Regimes inadequately propagate cultural inclusion
Professor Luisa Farah Schwartzman identifies systematic defects in state cultural inclusion policies through her research.
Through the 20th century, society saw groundbreaking technological advancements, with day-to-day life being redefined towards the end of the century. While many aspects of society improved significantly, equality and cultural inclusion are among the several issues that remain prevalent problems today.
As we entered the 21st century, increased empowerment and diversity were themes embedded in our understanding of the new world. This has given marginalized groups the resources and opening to demand their rights. To this end, many governments began pursuing multiculturalism, a term defined as diversity within society, whose actual definition may not be as ingenuous.
“Multiculturalism and racial democracy are both national [and] nationalist projects that were created post-World War 2 when the elites of the world had to reinvent themselves and step away from scientific racism,” says Luisa Farah Schwartzman, an Assistant Professor in the Sociology Department at the University of Toronto Mississauga (UTM). She explains that while racial discrimination and ethnical racism became taboo, privileged individuals simply reframed racism by introducing the innocent name of “multiculturalism” to their actions.
Schwartzman published a paper on January 20, 2021, that delved deep into the implications of contemporary politics on the inequalities faced by minorities.
As someone who grew up in Brazil, Schwartzman witnessed the prevalence of inequality, which she initially did not attribute to race. After living in the United States, where racial discrimination was a widely discussed topic, Schwartzman started looking into race’s role in inequality. From her research, she realized that politics also play a significant role in perpetuating these injustices. For example, many governments inadvertently or deliberately label people when implementing policies that seek to promote cultural inclusion. She explains that this classification causes states to “reproduce racial inequalities in efforts to dismantle those very things.” For this reason, Schwartzman’s current research focuses on a multi-perspective analysis of the relationship between the state and social inequality.
“In Brazil, people have talked more about class, and in Canada, it’s language and religion, so there lies the difference. But in all places, there is a racial and colonial logic behind inequality,” says Schwartzman. Racism will always be a factor driving inequality.
A country’s historical events largely shape the policies that a regime implements and inform the way its people perceive the idea of cultural inclusion. This explains the distinction of Brazilians’ and Canadians’ discussions on inequality.
“There was the idea of civilization, that these bigger groups were more civilized. It’s a colonial idea that we still have today. We now believe that minorities have culture—not the dominant groups of white people and settler colonies,” says Schwartzman. She also holds that the modern distinction between people who have civilization and people who have culture is a western belief.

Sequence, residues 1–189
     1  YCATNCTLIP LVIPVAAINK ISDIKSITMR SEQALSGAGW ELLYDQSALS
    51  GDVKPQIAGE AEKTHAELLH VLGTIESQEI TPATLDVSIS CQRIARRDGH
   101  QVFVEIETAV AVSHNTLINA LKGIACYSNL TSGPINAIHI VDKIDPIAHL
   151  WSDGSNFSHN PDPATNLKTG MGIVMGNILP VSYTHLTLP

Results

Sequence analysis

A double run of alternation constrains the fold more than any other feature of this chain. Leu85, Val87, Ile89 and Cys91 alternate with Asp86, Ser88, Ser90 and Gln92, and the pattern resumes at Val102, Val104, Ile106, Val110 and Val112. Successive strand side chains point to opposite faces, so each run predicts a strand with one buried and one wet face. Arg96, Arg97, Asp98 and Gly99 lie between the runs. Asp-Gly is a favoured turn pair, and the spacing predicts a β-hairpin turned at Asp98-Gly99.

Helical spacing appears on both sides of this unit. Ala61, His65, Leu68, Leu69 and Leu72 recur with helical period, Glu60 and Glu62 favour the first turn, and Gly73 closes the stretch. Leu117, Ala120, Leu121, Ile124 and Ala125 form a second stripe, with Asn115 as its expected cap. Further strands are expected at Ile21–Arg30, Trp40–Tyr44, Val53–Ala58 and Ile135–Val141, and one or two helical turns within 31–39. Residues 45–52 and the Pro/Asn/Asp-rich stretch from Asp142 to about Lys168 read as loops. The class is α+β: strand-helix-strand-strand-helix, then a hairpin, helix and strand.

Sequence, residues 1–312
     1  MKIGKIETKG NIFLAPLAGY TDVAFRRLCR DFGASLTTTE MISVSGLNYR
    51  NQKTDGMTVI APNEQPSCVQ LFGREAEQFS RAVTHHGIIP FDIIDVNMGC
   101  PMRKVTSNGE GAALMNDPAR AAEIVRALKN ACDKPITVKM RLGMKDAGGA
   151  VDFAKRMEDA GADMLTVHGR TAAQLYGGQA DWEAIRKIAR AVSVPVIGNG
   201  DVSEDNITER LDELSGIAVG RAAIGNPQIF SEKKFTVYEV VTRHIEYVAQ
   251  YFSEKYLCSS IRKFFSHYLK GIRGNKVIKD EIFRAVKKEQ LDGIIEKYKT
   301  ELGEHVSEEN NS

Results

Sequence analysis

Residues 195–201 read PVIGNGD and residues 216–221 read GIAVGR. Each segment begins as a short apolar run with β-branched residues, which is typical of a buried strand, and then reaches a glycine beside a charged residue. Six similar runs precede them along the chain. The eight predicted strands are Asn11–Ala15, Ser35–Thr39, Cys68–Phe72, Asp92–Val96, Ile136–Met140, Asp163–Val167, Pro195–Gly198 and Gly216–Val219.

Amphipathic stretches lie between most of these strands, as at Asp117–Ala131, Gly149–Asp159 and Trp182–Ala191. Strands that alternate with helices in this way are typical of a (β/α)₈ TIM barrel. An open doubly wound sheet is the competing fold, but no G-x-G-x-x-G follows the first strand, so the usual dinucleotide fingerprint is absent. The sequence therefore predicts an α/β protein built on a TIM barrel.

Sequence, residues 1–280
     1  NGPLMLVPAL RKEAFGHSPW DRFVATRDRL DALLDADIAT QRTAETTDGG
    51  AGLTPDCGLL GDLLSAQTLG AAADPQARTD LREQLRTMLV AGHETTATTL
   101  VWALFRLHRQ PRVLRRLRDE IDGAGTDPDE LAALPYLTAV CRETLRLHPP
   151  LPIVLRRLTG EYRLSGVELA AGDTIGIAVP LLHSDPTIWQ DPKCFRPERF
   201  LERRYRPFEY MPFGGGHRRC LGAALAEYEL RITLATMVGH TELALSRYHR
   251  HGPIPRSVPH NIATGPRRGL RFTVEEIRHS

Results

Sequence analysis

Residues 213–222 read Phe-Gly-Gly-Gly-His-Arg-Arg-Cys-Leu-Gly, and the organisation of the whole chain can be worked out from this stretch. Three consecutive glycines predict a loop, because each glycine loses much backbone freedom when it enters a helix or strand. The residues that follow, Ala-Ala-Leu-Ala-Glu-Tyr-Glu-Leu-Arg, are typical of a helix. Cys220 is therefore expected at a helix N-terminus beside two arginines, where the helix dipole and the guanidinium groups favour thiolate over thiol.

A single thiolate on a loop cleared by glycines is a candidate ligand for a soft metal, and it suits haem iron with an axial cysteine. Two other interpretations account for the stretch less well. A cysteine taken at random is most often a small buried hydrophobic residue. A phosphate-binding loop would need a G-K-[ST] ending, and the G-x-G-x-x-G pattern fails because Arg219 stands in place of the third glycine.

“If you paint [cultures and peoples] to be barbaric and present the solution as civilization, you perpetuate archaic ideas of classification and race,” continues Schwartzman, stating that the Western idea of “civilization” is confining and backwards.
Many countries also put inadequate effort in promoting diversity by once again utilizing derogatory labels.
Likewise, Schwartzman remarks that when announcing initiatives for cultural inclusivity, various states use words with negative connotations. Improper terminology may hint at the state’s questionable dedication to encouraging cultural appreciation. Specifically relating to Canada, Schwartzman shares: “The idea that a settler nation is in a position to tolerate people indigenous to that land doesn’t make sense, and I think indigenous people in Brazil would say the same because it is a settler state as well.”
The Canadian government, among many others, recognizes the importance of raising awareness for different ethnic cultures. To this end, Schwartzman observes that notable initiatives focusing on creating an inclusive society include heritage months only for select communities. She adds that the education system teaches students about slavery and Residential Schools in an attempt to further promote cultural appreciation. “But it isn’t enough to learn only the dark histories,” she explains. “It is important to learn education in ways that draw away from Eurocentrism; an education that gets us thinking about the creation of our modern world.”
Additionally, historical events dictate that the Canadian government has systematically oppressed and discriminated Indigenous Peoples, which is engrained in Canada’s identity. To truly embrace all cultures and peoples, Canada must transcend its identity as a settler state.
Regardless, any substantial change to inequality starts with each individual citizen. When bringing up culture, it is important to truly comprehend its intricacies and ensure that people identifying with the culture have offered their consent.
However, Schwartzman acknowledges that grasping the full picture of a culture is difficult when it has suffered from cultural appropriation and oppression. “You must be perceptive of meaning. Sometimes because of dynamics of power within society, certain aspects of different cultures, objects and practices are kept from being adopted by outside parties for purposes of protection and preservation,” concludes Schwartzman.